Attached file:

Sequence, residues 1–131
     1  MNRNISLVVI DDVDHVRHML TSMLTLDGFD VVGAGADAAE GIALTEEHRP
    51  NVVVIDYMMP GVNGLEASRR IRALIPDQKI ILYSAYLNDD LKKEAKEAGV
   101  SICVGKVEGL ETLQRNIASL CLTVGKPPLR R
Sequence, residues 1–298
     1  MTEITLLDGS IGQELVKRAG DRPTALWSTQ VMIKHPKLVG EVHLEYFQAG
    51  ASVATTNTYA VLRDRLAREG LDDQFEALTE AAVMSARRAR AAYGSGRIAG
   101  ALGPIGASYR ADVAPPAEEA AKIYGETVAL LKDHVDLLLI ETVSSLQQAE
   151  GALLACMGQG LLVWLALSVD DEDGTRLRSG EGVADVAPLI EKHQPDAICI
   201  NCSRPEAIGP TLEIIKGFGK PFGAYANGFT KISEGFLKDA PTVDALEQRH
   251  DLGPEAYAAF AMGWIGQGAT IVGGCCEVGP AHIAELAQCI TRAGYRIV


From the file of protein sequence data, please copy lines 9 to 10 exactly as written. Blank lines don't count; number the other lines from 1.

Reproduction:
   151  GALLACMGQG LLVWLALSVD DEDGTRLRSG EGVADVAPLI EKHQPDAICI
   201  NCSRPEAIGP TLEIIKGFGK PFGAYANGFT KISEGFLKDA PTVDALEQRH